|Posted by Kristen Hamilton on February 11, 2018 at 5:55 PM|
1. Incorporate action and dialogue. Use strong verbs—She stormed across the room works better than She walked angrily across the room. (When possible, avoid adverbs in general, especially those that end in -ly.) Bonus points for dialogue and action, which can especially help with character and scene development.2. Be descriptive and specific, not general. Show the action by being specific, especially when it makes a difference to the story. Keep your descriptions concrete and specific, not vague and ambiguous.3. Use sensory details. Tap into the five senses—sight, sound, taste, touch, and smell—to give better descriptions of the worlds your characters live in. Minor details such as these can really fill out your novel and make the story and its characters come to life.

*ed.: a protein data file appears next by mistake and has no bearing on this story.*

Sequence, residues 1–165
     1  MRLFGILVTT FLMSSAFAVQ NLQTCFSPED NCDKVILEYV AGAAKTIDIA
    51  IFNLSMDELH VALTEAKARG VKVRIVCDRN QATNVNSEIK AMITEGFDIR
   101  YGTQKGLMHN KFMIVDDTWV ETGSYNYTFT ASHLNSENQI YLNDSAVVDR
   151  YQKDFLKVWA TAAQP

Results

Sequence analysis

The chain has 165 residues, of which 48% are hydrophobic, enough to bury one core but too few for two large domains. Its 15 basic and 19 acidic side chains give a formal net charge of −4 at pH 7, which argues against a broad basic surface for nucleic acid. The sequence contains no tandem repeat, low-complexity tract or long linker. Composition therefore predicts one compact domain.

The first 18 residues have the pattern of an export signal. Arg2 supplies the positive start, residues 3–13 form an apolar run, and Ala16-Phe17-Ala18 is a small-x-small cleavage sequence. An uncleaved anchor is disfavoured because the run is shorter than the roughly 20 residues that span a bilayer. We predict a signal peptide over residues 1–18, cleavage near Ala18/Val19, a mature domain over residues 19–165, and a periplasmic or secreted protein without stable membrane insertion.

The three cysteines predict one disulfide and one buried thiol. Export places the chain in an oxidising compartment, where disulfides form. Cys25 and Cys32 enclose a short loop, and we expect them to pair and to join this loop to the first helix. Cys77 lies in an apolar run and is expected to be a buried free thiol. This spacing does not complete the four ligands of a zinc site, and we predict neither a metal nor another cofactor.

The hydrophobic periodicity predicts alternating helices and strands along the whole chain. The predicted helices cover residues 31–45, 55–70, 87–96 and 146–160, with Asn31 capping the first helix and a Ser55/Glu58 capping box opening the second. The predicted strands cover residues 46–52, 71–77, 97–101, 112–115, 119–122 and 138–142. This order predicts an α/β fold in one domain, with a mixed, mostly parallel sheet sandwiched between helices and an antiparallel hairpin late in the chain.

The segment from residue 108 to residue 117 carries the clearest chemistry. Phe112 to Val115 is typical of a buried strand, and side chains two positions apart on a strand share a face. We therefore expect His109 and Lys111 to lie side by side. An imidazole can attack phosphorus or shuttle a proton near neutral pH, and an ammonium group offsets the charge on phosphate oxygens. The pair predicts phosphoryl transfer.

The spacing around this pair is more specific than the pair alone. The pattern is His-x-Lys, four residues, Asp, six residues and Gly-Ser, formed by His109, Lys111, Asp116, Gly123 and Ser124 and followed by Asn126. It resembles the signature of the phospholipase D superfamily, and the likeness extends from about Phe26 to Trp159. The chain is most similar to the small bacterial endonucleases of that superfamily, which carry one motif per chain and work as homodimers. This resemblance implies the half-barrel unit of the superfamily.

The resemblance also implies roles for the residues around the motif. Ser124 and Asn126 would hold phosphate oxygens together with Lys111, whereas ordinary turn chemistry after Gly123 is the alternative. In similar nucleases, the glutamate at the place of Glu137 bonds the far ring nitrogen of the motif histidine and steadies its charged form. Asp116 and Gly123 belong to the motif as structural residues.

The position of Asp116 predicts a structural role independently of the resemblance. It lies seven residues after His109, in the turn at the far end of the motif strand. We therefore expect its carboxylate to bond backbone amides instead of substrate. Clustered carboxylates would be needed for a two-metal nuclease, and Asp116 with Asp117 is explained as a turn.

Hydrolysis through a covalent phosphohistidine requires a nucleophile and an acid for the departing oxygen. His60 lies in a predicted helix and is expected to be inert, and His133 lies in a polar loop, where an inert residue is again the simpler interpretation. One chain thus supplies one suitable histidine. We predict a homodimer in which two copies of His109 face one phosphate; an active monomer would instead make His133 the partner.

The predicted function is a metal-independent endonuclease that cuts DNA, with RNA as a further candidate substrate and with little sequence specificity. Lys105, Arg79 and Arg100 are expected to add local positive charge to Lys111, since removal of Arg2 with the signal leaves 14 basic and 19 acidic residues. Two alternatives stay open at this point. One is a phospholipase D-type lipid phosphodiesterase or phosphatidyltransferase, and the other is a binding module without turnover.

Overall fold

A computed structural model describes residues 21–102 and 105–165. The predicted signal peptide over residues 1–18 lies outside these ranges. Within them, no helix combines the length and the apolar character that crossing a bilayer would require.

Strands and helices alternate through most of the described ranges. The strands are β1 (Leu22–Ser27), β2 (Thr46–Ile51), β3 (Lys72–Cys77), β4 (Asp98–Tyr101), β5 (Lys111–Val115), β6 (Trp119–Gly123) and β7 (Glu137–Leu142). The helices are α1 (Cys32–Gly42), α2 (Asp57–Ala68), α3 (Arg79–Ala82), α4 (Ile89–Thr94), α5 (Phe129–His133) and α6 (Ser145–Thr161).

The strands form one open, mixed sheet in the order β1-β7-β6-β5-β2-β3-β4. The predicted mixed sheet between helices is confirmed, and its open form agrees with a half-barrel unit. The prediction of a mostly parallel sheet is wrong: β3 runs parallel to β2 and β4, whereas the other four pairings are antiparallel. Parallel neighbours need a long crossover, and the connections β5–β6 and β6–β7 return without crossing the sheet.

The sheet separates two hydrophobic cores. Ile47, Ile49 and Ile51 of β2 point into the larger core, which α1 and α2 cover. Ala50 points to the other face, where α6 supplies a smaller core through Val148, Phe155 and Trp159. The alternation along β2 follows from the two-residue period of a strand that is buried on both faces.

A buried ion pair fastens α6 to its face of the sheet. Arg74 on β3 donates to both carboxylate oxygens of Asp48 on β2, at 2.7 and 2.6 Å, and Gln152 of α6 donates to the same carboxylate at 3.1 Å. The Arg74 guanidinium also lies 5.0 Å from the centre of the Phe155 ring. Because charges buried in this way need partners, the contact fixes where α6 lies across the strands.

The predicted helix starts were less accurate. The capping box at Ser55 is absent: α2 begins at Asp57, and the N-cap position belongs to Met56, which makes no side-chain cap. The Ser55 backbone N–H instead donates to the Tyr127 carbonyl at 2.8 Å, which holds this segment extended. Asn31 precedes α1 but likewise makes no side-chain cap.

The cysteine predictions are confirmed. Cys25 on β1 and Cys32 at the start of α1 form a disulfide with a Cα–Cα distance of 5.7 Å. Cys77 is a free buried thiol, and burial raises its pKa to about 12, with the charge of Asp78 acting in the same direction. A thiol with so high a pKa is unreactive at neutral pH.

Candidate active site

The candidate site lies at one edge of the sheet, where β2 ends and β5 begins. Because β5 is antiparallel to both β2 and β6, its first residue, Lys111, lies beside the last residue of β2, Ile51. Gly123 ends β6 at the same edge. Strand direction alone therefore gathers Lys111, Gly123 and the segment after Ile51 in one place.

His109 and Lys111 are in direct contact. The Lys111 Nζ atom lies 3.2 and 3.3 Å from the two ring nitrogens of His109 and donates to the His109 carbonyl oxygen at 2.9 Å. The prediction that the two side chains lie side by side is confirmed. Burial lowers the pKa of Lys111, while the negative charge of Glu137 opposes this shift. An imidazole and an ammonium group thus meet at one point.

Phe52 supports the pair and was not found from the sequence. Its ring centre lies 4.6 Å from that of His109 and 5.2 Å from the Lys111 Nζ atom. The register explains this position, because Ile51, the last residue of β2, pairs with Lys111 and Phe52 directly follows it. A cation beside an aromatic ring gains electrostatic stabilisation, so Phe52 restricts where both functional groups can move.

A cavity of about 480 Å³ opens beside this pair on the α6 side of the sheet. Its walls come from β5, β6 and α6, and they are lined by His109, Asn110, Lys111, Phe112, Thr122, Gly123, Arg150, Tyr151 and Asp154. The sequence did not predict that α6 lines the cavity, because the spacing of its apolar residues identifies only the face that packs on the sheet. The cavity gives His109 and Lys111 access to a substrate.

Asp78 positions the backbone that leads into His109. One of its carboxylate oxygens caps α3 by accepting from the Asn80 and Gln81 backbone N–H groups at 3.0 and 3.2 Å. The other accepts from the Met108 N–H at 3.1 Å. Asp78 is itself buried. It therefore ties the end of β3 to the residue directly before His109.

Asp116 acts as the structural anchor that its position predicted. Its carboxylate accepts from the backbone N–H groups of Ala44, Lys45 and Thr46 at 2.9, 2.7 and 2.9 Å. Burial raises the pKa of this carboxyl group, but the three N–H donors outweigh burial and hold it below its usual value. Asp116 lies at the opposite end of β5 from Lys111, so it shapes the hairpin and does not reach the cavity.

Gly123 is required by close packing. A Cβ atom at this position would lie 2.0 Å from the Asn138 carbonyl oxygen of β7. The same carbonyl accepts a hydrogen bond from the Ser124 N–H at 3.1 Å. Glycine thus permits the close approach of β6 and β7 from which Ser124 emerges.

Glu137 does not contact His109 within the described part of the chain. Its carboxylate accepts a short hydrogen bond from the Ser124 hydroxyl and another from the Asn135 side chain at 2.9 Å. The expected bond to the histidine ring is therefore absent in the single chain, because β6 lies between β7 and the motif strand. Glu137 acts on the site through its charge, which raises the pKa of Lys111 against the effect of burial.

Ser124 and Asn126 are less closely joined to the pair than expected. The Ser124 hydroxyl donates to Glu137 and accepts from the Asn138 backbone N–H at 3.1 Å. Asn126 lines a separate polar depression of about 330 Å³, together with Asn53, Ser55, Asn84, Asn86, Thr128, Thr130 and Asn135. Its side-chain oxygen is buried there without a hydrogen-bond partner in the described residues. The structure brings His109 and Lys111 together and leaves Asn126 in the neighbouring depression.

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Book editor Kristen Hamilton is the owner and sole employee of
Kristen Corrects, Inc., where she provides manuscript editing
services for traditionally and self-publishing authors. Several
authors whose books she has edited have won awards and have
Reading is Kristen's passion, so when the workday is over, she
can usually be found curled up with a good book alongside her
four cats. She loves watching cat videos and scary movies,
eating pizza, teaching herself French, and traveling, and she is
likely planning her next vacation. She lives outside of Boise, ID.